It's the season for Seville oranges and if you've got a supply of Seville or bitter oranges the absolute best way to use them is in a marmalade! I paired some unsprayed Seville oranges with kaffir lime leaves for an aromatic citrus burst of flavour. If you love marmalades, this is a pushy recipe Dear Reader!
While marmalade using regular oranges is nice enough, bitter oranges make the most marvellous marmalade. While this marmalade is sweet, there's a wonderful balance of sweet and bitter. In fact, this is possibly my favourite marmalade batch ever. The recipe is thanks to a friend of Queen Viv's called Julie from New Zealand who is known as an incredible cook. She doesn't give out recipes easily and Queen Viv was surprised to see that she had given me two after she and her husband come over for Christmas dinner one year.
The first recipe she gave me was for shortbread and it was an absolute winner. The second was for her grapefruit marmalade but in this case I used Seville oranges. If you can't get Sevilles, by all means substitute it with grapefruit rather than sweet oranges because then you'll get that lovely bitter counterpoint to the jammy sweetness.
I got the Seville oranges from a friend Louise who brought some back from in her in laws' farm. They were perfect to use in this as they weren't sprayed and they also had lots of pips (for natural pectin) and were bitter oranges so they were a bit too bitter to eat on their own.
Julie's recipe was a bit different from how I've made marmalade in the past. It requires the fruit to be soaked in water overnight. I'm not sure what that did but I will say that this is just about the best marmalade recipe ever. It did exactly what it was supposed to be and set beautifully. I added the kaffir lime leaves just because my mother gave me some and also because the idea of leaving something basic fills me with fear.
I was talking to my friend Girl Next Door about basic things. As her name suggests, she is really the classic girl next door whereas I have never, ever been called the girl next door - unless you live next door to the Addams family! Mums love her and she is very approachable looking and friendly.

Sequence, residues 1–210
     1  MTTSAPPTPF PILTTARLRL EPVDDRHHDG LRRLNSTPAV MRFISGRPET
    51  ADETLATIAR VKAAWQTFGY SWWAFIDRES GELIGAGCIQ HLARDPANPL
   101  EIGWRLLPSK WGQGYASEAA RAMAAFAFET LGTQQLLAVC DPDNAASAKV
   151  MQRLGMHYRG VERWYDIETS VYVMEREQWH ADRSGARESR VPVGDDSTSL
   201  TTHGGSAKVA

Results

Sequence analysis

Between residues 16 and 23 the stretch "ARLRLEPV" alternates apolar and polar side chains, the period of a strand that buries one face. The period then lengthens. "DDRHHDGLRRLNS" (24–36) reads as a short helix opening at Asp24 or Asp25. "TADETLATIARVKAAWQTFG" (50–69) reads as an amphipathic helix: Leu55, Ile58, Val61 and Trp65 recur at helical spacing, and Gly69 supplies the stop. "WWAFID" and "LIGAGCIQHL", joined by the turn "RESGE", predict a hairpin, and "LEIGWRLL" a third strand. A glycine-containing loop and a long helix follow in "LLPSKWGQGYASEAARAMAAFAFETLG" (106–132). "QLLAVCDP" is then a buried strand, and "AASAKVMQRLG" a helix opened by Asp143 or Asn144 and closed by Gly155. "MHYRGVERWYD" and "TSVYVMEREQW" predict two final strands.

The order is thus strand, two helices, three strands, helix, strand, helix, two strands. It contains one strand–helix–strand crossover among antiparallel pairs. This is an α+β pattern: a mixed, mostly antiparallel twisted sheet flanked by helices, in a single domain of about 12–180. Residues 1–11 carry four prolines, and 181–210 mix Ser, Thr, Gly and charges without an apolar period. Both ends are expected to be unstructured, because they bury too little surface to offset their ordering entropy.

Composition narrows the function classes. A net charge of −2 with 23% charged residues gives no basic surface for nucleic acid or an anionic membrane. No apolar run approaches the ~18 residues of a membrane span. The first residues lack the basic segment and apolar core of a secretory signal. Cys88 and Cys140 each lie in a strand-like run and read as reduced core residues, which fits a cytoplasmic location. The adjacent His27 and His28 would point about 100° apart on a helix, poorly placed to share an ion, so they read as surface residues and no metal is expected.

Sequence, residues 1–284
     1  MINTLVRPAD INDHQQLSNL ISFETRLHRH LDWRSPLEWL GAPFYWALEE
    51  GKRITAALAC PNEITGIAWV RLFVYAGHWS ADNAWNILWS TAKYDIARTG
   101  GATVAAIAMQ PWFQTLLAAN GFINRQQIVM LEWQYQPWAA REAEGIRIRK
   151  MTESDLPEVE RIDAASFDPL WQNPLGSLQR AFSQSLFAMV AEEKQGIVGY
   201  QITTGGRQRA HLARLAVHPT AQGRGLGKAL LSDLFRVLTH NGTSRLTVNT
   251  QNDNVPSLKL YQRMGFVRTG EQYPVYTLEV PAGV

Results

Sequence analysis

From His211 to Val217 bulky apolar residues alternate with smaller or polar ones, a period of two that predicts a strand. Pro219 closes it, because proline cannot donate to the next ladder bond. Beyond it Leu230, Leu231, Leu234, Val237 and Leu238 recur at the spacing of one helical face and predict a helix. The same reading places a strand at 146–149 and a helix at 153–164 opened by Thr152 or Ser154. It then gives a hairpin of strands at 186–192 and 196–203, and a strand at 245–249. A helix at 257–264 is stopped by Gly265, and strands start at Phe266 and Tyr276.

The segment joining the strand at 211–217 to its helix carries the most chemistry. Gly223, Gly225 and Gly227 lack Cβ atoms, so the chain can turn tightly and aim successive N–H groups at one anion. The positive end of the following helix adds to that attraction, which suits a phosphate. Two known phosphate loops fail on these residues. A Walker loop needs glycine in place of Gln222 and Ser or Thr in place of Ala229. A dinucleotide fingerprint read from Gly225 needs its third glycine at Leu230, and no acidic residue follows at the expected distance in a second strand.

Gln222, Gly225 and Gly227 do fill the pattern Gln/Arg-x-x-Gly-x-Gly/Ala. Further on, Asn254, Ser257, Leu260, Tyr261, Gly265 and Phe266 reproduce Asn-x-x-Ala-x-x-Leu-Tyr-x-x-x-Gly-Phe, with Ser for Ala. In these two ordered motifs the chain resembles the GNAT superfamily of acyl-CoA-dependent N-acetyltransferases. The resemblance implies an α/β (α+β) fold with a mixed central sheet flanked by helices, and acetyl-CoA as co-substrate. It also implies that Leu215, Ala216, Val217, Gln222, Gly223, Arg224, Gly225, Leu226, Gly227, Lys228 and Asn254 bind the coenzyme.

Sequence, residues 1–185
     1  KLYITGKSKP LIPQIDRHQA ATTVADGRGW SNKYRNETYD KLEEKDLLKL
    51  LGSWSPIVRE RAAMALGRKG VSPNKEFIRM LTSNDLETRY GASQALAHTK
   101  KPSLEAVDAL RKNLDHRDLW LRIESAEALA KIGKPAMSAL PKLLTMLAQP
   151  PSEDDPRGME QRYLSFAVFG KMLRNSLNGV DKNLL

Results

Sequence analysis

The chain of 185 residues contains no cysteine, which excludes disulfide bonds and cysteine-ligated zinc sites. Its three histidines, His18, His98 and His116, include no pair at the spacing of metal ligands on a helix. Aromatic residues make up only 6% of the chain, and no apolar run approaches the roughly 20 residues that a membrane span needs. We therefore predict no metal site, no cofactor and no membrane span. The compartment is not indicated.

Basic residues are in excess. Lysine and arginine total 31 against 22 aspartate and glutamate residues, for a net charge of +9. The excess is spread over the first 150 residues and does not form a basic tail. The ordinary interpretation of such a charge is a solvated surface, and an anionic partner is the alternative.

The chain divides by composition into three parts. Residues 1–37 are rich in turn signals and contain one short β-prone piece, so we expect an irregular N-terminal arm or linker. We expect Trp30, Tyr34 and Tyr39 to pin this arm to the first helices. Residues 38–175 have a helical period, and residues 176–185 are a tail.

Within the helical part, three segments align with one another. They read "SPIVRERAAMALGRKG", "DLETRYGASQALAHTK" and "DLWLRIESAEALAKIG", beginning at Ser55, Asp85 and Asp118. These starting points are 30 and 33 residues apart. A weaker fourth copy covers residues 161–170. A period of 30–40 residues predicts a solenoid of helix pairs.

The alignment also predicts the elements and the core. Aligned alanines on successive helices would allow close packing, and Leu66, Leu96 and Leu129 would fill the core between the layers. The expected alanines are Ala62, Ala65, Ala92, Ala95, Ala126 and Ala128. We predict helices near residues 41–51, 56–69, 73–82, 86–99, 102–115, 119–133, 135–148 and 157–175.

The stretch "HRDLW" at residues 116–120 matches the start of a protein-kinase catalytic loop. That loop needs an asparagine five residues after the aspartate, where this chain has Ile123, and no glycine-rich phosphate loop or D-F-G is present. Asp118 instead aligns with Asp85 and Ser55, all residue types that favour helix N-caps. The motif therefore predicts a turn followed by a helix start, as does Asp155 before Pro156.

Girl Next Door loves basic things like vanilla ice cream and margarita pizza. And while I like them and appreciate that them for testing purposes (eg testing out a pizza place by ordering a margarita) I will always find myself gravitating towards something unusual. If there's a crazy combination or an ingredient that I've never tried before, I want to order it.
"I'm just basic," she said shrugging her shoulders.
"And I'm just extra," I replied laughing.
So tell me Dear Reader, do you like basics or do you prefer more unusual things? Are you the girl or boy next door?
Seville Orange & Kaffir Lime Marmalade
An Original Recipe by Lorraine Elliott
Preparation time: 30 minutes plus overnight soaking time
Cooking time: 1 hour 40 minutes
Makes 4 x 400ml/14oz. jars
- 1kg/2.2lbs seville or bitter oranges, preferably unsprayed or organic
- White sugar
- 8 kaffir lime leaves
Wrapping the seeds up in a muslin pouch
Step 1 - Wash and dry the oranges and using a mandolin on setting #2, slice the oranges thinly reserving the pips (don't worry if the pips get chopped in half). Weigh the orange slices and juice and measure an equal weight of cold water and place the oranges and water in a bowl. Allow to stand in a bowl or a pot with a lid, covered until the next day (I left it on the kitchen bench as it was cold but if it's hot keep it in the fridge). Place the seeds in a muslin pouch and tie with some kitchen string and add this to the pot.
Step 2 - The next day bring everything to a boil and simmer with the lid on for 1 hour. Remove the seed pouch and weigh the orange mix (I let it cool a bit so it was easier to handle). Measure out the identical weight of sugar.
Step 3 - Add the sugar and kaffir lime leaves to the oranges and bring to a boil and simmer with the lid off. Place a saucer in the freezer to test the marmalade. It will take anything from 20 minutes to 40 minutes for the marmalade to set. To test the setting, spoon a little onto the cold plate and trace a line with the handle of a spoon. If it becomes jellied in texture and a line holds then it is ready. Place in hot, sterilised* jars (see how to sterilise jars below). Make sure that the jars are hot when you add the hot jam or the glass will crack. Wipe down the lip and sides of the jar, secure the lids tightly and then turn the jars upside down and cool completely.
Testing to see if the marmalade is set
To sterilise jars, place clean jars in a 180C/350F for 10 minutes (make sure to remove any rubber or silicon seals).